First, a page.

History of the discovery, physiology, and clinical use of the blink reflex
Edward J. FINE1 and Christopher VICENTE2
Soon after the blink reflex (BR) was first described by Walker Overend (1858-1926) in a letter to the Editor of Lancet in 1896 (I:619), American neurologist Daniel J. McCarthy (1874-1958) and Russian physiologist Vladmir Bekterev (1857-1927) made acrimonious claims for their individual "discovery" of the BR. This presentation will examine their claims, compare Overend and his competitors' concepts to current knowledge about the physiology and current clinical applications of the BR. Overend noted that" when the skin of the forehead is gently taped with the edge of an ordinary wooden stethoscope, a twitch in the lower eyelid of the same side may be observed ..and while severe percussion elicits a simultaneous movement of the opposite lids".."It is a true skin reflex" and the motor pathway is identical to the conjunctival reflex; the sensory channels lie in the ..supraorbital division of the frontal nerve and the centre is probably located in the midbrain". He noted that the area for eliciting the reflex was more in choreic patients than normal subjects.
In 1901 McCarthy (Neurologische Centralblatt 20:800-1) claimed priority for eliciting reflex contraction of the orbicularis oculi by taping the skin of the forehead with a percussion hammer. He noted that division of the supraorbital nerve extinguished the BR. McCarthy stated that the afferent portion of his reflex was through CN V because sectioning the sensory root of the Gasserian ganglion abolished the reflex. McCarthy concluded that his supra-orbital reflex was identical to a tendon reflex. Also in 1901 Vladmir Bekterev (Neurologische Centralblatt 20:930-6) overlooked Overend's report, disputed McCarthy's claim for priority but concurred with McCarthy that the BR was similar to a tendon reflex and lesions of the sensory root of the trigeminal abolish the reflex.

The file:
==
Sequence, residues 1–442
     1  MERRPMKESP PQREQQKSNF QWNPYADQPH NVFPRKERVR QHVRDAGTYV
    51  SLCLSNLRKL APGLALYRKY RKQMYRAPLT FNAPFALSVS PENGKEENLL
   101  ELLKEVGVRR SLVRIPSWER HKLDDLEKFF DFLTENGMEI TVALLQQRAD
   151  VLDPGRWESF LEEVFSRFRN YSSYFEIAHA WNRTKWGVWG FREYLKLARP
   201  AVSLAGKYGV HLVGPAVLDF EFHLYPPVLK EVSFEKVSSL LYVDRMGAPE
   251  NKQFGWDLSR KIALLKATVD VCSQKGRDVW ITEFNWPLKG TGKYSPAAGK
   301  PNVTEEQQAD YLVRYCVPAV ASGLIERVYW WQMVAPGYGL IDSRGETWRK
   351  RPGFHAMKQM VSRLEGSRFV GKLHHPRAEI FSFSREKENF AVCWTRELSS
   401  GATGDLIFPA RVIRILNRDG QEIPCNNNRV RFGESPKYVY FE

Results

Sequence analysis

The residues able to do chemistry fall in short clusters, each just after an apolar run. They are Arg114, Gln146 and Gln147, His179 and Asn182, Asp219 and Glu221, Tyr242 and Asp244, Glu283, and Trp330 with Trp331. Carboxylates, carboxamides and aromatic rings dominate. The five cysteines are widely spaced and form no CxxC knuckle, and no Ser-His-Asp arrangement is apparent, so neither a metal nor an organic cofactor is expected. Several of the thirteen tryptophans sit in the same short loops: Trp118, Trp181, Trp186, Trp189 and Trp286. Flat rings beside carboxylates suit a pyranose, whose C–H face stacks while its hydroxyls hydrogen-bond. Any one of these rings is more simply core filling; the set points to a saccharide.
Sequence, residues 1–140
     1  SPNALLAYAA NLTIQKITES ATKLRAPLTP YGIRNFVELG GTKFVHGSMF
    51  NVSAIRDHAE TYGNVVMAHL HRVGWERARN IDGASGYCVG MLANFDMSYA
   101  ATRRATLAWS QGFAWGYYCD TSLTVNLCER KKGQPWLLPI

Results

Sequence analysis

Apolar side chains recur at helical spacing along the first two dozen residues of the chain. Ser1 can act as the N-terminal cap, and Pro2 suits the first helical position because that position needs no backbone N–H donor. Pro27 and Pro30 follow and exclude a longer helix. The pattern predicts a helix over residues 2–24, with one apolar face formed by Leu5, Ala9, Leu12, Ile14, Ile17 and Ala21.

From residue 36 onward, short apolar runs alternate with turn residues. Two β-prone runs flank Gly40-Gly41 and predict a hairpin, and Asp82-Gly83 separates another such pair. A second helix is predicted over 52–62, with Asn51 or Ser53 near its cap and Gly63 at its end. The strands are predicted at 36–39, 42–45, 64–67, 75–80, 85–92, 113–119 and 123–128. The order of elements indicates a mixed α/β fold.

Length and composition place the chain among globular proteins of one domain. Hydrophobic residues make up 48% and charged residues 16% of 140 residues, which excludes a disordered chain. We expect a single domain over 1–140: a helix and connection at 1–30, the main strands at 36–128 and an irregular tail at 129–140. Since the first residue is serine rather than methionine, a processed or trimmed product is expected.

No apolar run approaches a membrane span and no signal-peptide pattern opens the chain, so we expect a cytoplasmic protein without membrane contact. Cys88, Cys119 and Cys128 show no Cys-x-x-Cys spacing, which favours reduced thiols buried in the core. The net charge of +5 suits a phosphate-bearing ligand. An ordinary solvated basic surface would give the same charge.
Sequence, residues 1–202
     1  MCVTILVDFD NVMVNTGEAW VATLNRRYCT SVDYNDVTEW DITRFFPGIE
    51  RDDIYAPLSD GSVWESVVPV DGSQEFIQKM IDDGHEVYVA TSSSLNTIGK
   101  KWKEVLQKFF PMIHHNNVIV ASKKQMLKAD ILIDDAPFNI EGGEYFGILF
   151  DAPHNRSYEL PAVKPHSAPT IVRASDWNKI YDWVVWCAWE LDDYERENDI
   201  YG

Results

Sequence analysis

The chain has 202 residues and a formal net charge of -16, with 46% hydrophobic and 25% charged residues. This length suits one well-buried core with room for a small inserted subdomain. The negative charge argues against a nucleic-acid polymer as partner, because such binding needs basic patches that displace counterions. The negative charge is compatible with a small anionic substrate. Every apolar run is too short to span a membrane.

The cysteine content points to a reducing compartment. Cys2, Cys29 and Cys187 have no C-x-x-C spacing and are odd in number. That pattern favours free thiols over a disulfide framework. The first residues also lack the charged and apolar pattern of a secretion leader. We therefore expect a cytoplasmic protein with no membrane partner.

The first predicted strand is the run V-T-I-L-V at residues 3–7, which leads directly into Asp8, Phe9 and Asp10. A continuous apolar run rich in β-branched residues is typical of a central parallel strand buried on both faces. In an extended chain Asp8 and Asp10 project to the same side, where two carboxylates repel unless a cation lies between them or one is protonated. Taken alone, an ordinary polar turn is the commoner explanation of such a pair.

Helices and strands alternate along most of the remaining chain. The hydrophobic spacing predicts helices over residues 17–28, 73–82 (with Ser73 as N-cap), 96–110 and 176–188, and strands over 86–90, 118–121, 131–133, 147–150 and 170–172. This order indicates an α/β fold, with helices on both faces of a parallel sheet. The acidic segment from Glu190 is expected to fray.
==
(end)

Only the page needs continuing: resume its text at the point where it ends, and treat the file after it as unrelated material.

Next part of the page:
Erik Kugelberg electrically stimulated the supraorbital nerve, recorded the early latency R1 and the late R2 electromyographic (EMG) responses from orbicularis oculi muscles to confirm that the BR was a cutaneous reflex (Brain 75:385-396). The R1 and R2 of the BR was delayed or abolished by lesions in trigeminal nerve, confirming Overend's original observations about the afferent pathway of the BR. Overend was only partially correct about the anatomy of the BR; synapses for the R1 and R2 responses lie in the pons and medulla and not the midbrain. Overend was proven partially correct by the observation that the BR has a decreased stimulus threshold in chorea. The blink response has been shown to be the initial response of the startle. Currently the BR is used to monitor the function of CN V or VII in surgery for acoustic neuroma, predict the outcome of Bell's palsy, detect occult lesions in multiple sclerosis patients and assess activity of the brainstem reticular formation in patients with disorders of attention and startle. The blink reflex can elicited by mechanical tap, loud sound or electrical stimulus.
These observations favor our contention that Overend should be recognized for priority of discovery and accuracy of most of his observations about the BR.
Session VI -- Anatomical and Physiological Models and Techniques
Los Angeles, California, USA